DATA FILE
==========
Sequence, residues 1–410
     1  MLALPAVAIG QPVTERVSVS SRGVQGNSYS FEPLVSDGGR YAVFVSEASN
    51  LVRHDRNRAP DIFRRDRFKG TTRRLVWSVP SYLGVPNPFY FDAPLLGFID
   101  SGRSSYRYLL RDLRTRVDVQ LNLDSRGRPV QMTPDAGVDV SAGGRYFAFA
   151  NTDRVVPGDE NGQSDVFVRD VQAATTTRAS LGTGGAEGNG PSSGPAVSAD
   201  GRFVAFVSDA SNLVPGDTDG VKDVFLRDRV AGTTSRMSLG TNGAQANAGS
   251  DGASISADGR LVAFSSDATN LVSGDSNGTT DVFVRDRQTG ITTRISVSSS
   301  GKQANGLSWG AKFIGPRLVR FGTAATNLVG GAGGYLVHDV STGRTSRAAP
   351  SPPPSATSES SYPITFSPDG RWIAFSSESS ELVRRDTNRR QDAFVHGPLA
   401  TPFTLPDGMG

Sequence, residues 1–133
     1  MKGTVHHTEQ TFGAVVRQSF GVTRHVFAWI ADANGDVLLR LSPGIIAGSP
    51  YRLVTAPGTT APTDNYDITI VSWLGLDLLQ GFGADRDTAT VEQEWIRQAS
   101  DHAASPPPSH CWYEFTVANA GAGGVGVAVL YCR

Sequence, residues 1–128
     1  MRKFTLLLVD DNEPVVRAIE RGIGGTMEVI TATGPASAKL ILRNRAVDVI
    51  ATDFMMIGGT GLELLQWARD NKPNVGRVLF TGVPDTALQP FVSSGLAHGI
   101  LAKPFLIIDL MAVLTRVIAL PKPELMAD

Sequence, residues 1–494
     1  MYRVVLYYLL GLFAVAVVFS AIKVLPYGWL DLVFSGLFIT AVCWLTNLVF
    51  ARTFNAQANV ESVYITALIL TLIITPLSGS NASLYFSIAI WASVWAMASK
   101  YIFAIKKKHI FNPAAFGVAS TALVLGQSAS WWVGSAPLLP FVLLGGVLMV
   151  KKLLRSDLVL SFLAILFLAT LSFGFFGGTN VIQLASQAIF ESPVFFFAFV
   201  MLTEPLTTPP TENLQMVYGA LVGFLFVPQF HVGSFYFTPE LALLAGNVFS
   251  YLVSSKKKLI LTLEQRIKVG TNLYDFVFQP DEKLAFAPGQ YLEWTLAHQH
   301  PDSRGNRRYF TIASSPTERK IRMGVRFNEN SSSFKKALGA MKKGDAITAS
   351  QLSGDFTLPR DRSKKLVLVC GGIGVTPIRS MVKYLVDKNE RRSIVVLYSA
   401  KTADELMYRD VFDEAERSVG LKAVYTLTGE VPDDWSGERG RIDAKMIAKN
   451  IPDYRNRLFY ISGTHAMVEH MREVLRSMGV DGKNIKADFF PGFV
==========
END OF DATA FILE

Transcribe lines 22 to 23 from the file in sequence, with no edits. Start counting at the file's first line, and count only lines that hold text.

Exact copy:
   101  YIFAIKKKHI FNPAAFGVAS TALVLGQSAS WWVGSAPLLP FVLLGGVLMV
   151  KKLLRSDLVL SFLAILFLAT LSFGFFGGTN VIQLASQAIF ESPVFFFAFV